Russian tycoon Fridman and Germany’s RWE close €5.1bn energy deal despite UK concerns
The LetterOne Group and RWE AG completed the sale of RWE Dea AG to LetterOne for the price of €5.1 billion, RWE said in a statement on its website Monday. The acquisition came after the UK’s Department of Energy and Climate Change announced on Saturday it would not approve the sale of the British North Sea natural gas fields, which form 20 percent of the Dea transaction. The UK expressed concerns over the risk that further anti-Russia sanctions might affect Fridman’s LetterOne group. Fridman said he would sue the British government over its attempts to block the acquisition of the oil and gas fields, the Financial Times reported.
Fridman’s Luxembourg-based holding company LetterOne announced its plans to buy RWE’s Dea last spring. The German government approved the deal then. However, in October the British government blocked Fridman’s multibillion euro deal to buy Dea, which sells oil and gas to the UK, Germany, Denmark and Egypt. The UK government said RWE and LetterOne have to find a third party to purchase the British assets.
“The sale of RWE Dea demonstrates that even in difficult conditions, we continue to realize our plans. Both parties negotiated good value for money, and RWE can now focus fully on its core business,” CEO Peter Terium said, adding that the transaction was not only an important milestone for the RWE Group but was beneficial for all involved. “Dea gets a new owner who wants to invest long-term in the oil and gas production business and will guide the company into a positive future,” he said.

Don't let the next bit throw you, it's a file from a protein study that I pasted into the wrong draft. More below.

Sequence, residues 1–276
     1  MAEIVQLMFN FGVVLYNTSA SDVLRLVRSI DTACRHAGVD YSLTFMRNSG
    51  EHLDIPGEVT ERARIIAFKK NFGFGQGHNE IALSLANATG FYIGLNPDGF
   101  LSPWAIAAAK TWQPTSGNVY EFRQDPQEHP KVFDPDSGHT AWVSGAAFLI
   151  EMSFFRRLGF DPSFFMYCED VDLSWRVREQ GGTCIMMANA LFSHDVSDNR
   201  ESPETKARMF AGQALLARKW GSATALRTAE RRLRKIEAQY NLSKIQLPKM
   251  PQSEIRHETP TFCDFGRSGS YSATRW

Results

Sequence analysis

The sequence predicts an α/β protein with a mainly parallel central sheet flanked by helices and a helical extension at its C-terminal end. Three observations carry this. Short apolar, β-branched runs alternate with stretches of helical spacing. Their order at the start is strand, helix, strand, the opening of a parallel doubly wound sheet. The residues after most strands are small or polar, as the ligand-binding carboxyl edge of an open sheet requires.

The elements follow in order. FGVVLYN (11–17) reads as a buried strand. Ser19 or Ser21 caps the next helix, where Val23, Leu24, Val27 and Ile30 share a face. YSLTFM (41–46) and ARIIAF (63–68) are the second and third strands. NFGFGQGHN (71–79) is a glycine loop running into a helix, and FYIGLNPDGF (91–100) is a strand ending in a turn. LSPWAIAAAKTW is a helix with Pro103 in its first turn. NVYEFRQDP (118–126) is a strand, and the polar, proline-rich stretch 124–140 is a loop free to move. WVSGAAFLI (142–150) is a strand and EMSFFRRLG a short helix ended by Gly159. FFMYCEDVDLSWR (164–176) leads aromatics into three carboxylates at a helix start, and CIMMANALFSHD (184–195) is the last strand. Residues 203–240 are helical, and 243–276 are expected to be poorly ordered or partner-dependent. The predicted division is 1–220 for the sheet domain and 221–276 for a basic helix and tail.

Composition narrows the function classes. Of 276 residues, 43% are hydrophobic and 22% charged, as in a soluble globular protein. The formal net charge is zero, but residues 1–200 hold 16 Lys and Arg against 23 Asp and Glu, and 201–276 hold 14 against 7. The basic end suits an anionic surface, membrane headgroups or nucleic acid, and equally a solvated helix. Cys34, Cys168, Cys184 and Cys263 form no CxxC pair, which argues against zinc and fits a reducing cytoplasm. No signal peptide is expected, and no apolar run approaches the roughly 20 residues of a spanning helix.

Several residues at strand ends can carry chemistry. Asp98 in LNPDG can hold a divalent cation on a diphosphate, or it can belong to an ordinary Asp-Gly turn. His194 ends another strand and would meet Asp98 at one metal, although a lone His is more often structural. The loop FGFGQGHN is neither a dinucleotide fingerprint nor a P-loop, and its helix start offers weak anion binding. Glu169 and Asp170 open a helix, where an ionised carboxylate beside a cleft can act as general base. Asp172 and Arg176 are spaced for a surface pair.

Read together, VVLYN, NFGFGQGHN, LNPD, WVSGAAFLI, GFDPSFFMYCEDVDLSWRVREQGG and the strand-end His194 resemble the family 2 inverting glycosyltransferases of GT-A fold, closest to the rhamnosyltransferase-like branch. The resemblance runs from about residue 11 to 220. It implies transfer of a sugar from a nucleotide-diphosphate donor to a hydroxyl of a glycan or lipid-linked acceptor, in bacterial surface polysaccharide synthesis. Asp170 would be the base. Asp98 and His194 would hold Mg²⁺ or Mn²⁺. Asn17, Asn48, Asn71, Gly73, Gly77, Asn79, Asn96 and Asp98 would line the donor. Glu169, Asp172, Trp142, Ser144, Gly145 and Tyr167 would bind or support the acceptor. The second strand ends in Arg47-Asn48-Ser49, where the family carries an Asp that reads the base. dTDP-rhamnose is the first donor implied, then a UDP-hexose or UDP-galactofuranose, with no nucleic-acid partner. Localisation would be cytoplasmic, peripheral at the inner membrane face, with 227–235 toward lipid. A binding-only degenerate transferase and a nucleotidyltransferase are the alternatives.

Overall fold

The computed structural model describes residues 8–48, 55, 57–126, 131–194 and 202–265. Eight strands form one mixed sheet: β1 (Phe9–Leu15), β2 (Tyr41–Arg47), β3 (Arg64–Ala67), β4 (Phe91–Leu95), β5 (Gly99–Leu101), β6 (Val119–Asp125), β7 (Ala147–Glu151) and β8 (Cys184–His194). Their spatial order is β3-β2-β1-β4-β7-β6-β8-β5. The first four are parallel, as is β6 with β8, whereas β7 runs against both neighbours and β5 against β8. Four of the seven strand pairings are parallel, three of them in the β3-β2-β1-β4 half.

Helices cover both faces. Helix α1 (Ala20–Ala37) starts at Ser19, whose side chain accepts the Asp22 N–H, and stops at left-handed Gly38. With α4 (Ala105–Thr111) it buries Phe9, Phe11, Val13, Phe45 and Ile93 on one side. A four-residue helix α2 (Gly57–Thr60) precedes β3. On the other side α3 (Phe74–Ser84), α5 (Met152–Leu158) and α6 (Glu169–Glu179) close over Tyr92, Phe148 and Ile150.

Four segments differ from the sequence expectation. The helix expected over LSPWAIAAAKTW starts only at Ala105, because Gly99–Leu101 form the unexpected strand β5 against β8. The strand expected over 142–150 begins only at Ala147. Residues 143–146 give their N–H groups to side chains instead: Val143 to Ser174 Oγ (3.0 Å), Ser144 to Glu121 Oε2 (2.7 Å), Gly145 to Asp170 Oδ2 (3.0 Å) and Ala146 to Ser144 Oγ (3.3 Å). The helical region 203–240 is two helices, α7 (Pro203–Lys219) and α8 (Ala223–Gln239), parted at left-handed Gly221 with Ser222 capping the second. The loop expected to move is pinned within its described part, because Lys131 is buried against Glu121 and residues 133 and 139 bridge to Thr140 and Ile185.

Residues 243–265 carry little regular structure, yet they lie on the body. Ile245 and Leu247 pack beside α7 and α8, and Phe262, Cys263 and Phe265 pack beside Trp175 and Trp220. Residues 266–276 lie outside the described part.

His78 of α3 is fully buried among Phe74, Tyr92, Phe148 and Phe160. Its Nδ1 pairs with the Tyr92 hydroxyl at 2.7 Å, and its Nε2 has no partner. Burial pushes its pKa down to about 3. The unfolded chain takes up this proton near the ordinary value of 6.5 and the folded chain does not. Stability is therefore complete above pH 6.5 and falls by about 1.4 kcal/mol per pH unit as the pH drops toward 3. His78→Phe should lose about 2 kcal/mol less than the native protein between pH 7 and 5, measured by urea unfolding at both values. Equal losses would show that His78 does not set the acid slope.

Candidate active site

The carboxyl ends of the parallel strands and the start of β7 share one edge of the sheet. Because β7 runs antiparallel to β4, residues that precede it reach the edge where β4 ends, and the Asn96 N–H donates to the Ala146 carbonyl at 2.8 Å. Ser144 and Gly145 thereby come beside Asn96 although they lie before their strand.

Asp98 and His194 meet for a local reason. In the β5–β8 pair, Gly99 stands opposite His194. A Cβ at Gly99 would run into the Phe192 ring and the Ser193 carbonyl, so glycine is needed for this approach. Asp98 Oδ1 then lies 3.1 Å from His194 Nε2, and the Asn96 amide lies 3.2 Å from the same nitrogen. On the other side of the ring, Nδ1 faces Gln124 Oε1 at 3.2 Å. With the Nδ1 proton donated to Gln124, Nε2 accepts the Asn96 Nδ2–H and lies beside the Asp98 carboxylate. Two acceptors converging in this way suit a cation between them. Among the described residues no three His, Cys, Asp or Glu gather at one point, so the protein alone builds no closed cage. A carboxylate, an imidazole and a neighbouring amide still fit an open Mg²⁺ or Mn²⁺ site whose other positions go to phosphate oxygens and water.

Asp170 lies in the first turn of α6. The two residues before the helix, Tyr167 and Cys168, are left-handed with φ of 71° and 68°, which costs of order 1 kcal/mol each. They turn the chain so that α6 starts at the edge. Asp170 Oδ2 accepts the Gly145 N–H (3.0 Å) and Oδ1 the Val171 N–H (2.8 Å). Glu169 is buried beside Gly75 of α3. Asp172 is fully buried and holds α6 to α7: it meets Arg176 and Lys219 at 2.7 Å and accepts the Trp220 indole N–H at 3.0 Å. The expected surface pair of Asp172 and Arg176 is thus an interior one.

Mikhail Fridman is also pleased with the deal. “We are delighted to have completed the acquisition of Dea. We now look forward to working with Dea’s management and staff. Our ambition is to develop and grow Dea. We are convinced that the current macroeconomic environment and the low oil price, give us an opportunity to achieve our ambition,” he said.
Fridman appointed the former BP Chief Executive John Browne as the executive chairman of LetterOne’s L1 Energy unit after the Dea deal was signed Monday. Browne is already an adviser to LetterOne, and had worked together with Fridman as partners in TNK-BP.
“L1 Energy and I share a unique ambition: to build a brand new energy company at a time of great change in the sector. L1 Energy is investing for the long-term with a team of world-class energy and financial professionals. I am delighted to join that team,” John Browne was cited as saying on the website of LetterOne.
LetterOne was set up by Russian businessman Mikhail Fridman and his co-investor German Khan last year to invest part of the $14 billion they gained from selling their stake in the TNK-BP oil venture. Long-term investments in the exploration and production of hydrocarbons, oilfield services and other oil and gas infrastructure projects are among the main tasks of the company.